Hong Kong Disneyland Resort
The Hong Kong Disneyland Resort is a resort built and owned by Hong Kong International Theme Parks Limited, a joint venture of the Government of Hong Kong and The Walt Disney Company in Hong Kong on reclaimed land beside Penny's Bay, at the northeastern tip of Lantau Island, approximately two kilometres from Discovery Bay. Officially opened on 12 September 2005, the resort contains the Hong Kong Disneyland theme park, the Hong Kong Disneyland Hotel, Disney's Hollywood Hotel, Disney Explorers Lodge and several retail, dining and entertainment facilities covering 1.3 square kilometres (320 acres) of the island.
|Industry||Amusement parks and resorts|
|Founded||12 September 2005|
|Headquarters||Penny’s Bay, Lantau Island, Hong Kong|
|Stephanie Young (managing director)|
|Owner||Hong Kong International Theme Parks, Limited|
|Hong Kong Disneyland Resort|
The Hong Kong Disneyland Resort is the second Disney park extension into Asia after the opening of the Tokyo Disney Resort more than 20 years ago. Currently, the Resort is overseen by managing director Stephanie Young who reports to Michael Colglazier, President, Disney Parks Eastern Region and Managing Director, Asia Pacific.
History and developmentEdit
This section needs expansion with: events and additional citations. You can help by adding to it. (February 2011)
Concept and backgroundEdit
In 1998, a Hong Kong theme park was proposed by Walt Disney Parks and Resorts. The designs made it the smallest of the Disneylands. The Legislative Council of Hong Kong gave approval in 1999 for funding the construction at a former shipyard.
A joint-venture company, Hong Kong International Theme Parks Limited (HKITP), was created in 1999 with Disney investing US$316 million for a 43% equity stake in the project. The Phase One build-out included a projected 10 million annual visitor Disneyland-style theme park, 2,100 hotel rooms, and an area for retail, dining and entertainment. The project was estimated to create 18,000 jobs at opening (both Disney and other employment) and up to 36,000 jobs over the following 20 years. The Hong Kong Government estimated that the first phase of the project will generate a present economic value of HK$148 billion (US$19 billion), or about 6% of gross domestic product (GDP) in benefits to Hong Kong over 40 years of operation.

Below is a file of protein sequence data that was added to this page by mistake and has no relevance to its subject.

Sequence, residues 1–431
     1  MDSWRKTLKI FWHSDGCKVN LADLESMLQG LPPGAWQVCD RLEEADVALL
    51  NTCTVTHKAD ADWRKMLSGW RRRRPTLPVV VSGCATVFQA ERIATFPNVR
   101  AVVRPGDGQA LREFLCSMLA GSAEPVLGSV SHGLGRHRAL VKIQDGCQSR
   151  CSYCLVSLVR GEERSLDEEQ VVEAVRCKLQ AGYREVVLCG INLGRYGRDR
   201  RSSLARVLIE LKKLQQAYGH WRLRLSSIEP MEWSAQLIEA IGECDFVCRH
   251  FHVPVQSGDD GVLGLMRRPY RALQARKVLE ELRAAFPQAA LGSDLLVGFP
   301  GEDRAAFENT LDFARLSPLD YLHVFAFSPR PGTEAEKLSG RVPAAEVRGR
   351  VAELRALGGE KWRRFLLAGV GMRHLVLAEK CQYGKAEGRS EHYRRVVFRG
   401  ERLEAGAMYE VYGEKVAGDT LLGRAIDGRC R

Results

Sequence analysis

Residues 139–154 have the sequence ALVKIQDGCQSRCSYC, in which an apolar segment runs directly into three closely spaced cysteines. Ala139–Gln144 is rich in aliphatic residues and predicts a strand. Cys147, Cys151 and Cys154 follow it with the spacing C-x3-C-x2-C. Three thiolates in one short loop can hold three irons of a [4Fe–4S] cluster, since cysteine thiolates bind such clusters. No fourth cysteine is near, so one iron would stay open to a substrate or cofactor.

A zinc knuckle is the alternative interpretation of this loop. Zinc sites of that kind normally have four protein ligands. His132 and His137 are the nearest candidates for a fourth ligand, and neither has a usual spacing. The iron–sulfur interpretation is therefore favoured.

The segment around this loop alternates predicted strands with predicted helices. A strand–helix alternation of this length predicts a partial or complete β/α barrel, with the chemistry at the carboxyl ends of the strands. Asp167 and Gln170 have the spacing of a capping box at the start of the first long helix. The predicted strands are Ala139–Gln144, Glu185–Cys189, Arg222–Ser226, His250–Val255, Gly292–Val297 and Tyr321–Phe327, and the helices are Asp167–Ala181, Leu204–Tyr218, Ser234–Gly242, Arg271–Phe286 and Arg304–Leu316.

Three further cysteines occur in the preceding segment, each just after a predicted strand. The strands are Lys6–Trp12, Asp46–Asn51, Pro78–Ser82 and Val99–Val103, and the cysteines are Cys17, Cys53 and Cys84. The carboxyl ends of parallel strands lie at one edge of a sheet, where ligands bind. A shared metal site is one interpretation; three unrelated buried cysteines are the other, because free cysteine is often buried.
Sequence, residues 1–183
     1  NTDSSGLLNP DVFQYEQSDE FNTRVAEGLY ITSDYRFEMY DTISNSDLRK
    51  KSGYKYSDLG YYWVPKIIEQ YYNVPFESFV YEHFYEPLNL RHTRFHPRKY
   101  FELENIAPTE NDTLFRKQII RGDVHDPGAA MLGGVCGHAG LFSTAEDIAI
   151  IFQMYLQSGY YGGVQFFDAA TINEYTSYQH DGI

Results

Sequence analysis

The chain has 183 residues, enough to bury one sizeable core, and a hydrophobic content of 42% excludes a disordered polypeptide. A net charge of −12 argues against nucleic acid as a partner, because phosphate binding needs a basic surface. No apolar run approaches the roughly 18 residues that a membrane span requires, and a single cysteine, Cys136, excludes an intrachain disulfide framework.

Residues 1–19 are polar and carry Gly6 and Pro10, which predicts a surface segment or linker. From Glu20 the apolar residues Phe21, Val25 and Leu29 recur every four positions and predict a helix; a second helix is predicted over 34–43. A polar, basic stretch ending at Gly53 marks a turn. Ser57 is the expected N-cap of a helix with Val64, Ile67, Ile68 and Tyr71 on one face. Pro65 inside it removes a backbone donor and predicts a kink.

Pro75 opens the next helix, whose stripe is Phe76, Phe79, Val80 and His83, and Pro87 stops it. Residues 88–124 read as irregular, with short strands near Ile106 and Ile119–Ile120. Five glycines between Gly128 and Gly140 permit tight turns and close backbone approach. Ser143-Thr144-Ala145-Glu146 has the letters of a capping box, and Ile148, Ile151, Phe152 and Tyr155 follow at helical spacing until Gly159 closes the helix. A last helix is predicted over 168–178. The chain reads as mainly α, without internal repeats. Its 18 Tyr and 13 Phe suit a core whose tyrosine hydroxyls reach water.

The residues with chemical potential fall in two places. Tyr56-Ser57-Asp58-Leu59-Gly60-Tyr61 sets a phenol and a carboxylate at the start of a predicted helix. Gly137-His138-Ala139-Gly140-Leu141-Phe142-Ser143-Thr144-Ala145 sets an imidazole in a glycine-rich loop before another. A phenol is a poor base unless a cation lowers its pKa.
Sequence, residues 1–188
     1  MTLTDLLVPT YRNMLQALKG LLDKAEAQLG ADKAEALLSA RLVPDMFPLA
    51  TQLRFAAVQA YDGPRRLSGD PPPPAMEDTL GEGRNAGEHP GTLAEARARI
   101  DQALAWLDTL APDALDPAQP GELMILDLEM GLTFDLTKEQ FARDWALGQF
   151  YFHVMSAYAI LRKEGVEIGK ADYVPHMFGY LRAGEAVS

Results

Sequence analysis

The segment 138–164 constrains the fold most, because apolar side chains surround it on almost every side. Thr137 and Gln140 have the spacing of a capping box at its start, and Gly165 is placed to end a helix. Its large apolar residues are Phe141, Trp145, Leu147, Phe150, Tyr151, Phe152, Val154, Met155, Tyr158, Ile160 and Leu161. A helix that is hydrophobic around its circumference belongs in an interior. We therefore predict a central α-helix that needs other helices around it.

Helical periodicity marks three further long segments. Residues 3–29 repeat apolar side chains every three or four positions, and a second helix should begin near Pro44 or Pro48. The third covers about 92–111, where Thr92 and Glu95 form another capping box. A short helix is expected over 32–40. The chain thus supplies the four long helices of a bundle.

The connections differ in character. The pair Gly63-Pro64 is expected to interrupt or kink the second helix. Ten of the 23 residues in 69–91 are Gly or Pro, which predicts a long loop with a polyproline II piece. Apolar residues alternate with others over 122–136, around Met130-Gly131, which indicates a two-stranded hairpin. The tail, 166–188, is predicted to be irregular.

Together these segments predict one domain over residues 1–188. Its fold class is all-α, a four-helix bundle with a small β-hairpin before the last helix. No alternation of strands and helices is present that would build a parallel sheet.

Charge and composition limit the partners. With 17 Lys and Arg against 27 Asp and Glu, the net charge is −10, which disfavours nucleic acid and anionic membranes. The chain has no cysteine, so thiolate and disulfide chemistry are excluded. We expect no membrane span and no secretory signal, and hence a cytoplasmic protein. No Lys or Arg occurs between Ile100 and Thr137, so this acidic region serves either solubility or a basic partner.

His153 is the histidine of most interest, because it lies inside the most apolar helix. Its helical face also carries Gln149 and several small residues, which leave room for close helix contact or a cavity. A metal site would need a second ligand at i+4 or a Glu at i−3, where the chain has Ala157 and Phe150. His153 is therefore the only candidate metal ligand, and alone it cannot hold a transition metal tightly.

In 2000, Disney announced a second Chinese theme park resort in mainland China. Tourism workers associations and lawmakers want Disney to drop the mainland project to protect this and general tourism in Hong Kong. Disney promised not to open such a park for eight years. Government Secretary for Economic Service Stephan Ip Shu-kwan and Walt Disney Attractions Chairman Judson Green signed the master project agreement in November 2000.
The construction of the resort itself started in January 2003. The SARS outbreak of 2003 did slow but not stop building and saved HK$1 billion as construction cost dropped. Inspiration Lake, an artificial lake of some 12 hectares, was also created to serve the resort's water irrigation needs.
In an effort to avoid cultural friction similar to what happened when Euro Disney Resort opened in France, Disney has taken efforts to make this new park reflect the local culture. Feng shui consultants have helped with the layout of the park and the grounds. Incense was burned when the construction of each building was completed, and one of the main ballrooms is 888 square meters in size, as eight is an auspicious number in Chinese culture, signifying fortune. The hotels will skip the number four when numbering of their floors because four is considered bad luck. Hong Kong Disneyland Cast Members speak English, Cantonese, and Mandarin. Around 500 of the Grand Opening Team were trained at Walt Disney World Resort while their home park was being constructed.
Disney originally planned to serve shark fin soup, a traditional Chinese delicacy, at wedding banquets. Animal rights groups protested in June 2005, citing the declining shark population in global waters and the cruel methods sometimes used of cutting the fin and discarding the live sharks back into the water.